The collaboration could reverse a decline in the antibiotics pipeline, which the US Centre for Disease Control warned last year is contributing to the worldwide threat of antibiotic resistance.
Scientists from Sanofi and Fraunhofer will work together in a facility to be built in Giessen, Germany, focusing on treatment for serious infectious diseases and hospital-acquired infections that have not responded to conventional medicines.
The team will analyse the genetic make-up of strains of bacteria, “cultivating them under various conditions, stimulating them to produce active substances and investigating their effects” Laurence Bollack, Sanofi spokesman, told in-PharmaTechnologist.com.
“In particular,” said Bollack, “there has been little progress in the area of Gram-negative bacteria, which include many hospital superbugs that can cause serious post-operative infections.
Currently available antibiotics were developed from compounds produced by bacteria grown in laboratories under standard conditions. Bollack explained the joint team would use a different process to create innovative antibiotics.
“The scientists in the joint Sanofi-Fraunhofer research team will use a new, comprehensive approach to observe the biology of interaction and regulation in the presence of other bacteria, and will analyze the genetics of the strains.”
The team led by Peter Hammann, head of Sanofi’s infectious diseases External Innovation Unit, and Fraunhofer director Andreas Vilcinskas at a dedicated research building 40 miles north of Frankfurt named the Natural Product Centre of Excellence.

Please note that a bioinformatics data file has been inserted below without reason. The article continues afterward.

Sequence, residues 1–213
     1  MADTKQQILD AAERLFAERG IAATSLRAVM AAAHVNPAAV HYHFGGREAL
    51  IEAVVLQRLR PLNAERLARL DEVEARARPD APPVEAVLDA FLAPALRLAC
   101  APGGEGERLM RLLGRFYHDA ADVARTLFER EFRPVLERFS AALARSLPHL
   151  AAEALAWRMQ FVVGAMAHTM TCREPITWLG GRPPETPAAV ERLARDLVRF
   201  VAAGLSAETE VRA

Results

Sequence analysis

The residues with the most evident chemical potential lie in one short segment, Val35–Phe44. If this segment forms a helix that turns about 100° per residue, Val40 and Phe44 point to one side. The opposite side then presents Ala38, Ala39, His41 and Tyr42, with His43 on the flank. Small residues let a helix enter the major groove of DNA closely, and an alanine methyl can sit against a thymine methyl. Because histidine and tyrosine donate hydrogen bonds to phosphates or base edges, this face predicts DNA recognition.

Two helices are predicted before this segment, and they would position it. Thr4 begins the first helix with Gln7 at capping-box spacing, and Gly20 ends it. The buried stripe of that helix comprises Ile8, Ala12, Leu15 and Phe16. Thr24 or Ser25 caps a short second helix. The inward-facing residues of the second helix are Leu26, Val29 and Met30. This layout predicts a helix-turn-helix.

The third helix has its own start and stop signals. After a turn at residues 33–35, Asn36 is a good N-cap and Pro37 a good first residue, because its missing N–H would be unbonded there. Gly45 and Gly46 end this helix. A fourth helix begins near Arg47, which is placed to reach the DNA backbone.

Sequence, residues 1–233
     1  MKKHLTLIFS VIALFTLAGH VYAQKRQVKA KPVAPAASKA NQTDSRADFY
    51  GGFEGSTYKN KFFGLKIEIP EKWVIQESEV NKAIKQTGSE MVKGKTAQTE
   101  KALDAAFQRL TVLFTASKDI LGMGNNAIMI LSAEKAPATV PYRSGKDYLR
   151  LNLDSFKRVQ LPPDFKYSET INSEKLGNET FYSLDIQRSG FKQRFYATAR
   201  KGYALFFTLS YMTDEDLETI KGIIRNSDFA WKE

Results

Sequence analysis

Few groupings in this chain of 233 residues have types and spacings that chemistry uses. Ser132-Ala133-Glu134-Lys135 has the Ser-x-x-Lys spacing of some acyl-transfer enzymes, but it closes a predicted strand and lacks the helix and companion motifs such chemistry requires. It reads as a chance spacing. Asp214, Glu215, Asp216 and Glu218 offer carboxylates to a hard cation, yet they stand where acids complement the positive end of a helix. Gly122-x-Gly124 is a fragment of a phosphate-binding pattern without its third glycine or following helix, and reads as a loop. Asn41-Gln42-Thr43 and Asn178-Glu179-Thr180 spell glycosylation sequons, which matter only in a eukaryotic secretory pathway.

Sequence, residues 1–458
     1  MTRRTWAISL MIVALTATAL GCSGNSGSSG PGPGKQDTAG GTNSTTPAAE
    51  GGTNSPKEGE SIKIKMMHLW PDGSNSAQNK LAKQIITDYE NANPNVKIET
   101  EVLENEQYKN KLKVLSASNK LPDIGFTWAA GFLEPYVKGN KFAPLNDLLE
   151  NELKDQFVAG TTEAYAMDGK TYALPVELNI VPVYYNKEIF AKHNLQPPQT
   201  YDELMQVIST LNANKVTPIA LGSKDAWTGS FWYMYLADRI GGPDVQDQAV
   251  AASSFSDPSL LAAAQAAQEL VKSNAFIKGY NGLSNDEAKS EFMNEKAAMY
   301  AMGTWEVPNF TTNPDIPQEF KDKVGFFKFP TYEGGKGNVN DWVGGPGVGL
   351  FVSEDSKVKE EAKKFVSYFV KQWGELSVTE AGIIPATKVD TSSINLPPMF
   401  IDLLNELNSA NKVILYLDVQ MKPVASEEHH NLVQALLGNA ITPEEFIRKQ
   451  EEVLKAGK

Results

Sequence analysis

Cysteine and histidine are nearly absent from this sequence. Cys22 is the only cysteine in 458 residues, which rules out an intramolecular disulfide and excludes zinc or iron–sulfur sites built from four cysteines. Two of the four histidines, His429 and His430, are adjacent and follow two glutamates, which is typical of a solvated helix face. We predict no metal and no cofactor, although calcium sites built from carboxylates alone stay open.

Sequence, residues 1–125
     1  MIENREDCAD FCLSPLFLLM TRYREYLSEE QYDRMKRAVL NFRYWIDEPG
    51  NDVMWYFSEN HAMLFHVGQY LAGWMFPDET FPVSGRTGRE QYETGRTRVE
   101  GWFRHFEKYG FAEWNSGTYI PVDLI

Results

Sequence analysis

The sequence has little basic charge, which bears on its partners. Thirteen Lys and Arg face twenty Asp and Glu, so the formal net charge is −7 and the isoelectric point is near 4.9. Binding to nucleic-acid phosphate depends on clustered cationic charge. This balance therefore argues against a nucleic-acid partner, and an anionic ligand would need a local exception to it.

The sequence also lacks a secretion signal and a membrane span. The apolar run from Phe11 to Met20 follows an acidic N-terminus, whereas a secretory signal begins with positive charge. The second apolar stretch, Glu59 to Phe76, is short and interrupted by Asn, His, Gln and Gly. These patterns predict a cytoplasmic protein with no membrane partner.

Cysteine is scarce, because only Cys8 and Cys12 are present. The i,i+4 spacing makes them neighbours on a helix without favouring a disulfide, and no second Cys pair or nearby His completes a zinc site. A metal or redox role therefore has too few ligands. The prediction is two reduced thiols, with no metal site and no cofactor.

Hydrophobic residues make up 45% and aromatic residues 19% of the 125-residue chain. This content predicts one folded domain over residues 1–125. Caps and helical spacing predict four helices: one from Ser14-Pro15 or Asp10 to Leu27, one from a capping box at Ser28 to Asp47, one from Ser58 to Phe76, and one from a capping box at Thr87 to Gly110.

Until construction is finished, scientists will work at Sanofi’s site in Frankfurt, sourcing the organisms they will use in the research from the firm’s large natural products library, which has a collection of more than 100,000 different strains of microorganism, including bacteria and fungi.
“The Sanofi Frankfurt research site has a long tradition in the development of antibiotics based on natural substances,” said Bollack, adding that it had been used to make penicillin – another drug derived from natural products – when it was owned by Hoechst AG.
Sanofi’s tuberculosis antibiotic rifampicin is also made from compounds found in nature.
There is a great medical need to fight infectious diseases, said Sanofi’s president of global R&D.
“This is critical given the rise of antibiotic resistance worldwide especially in the hospital setting with increasingly frequent serious, often life-threatening infections, where few advances have been made in the recent years,” said Dr. Elias Zerhouni.
Sanofi said its research might extend its work beyond infectious diseases – the second biggest cause of death worldwide – to diabetes, pain and rare diseases.
A threat report by the US Centre for Disease Control in April 2013 said “the number of new antibiotics developed and approved has steadily decreased in the past three decades, leaving fewer options to treat resistant bacteria.”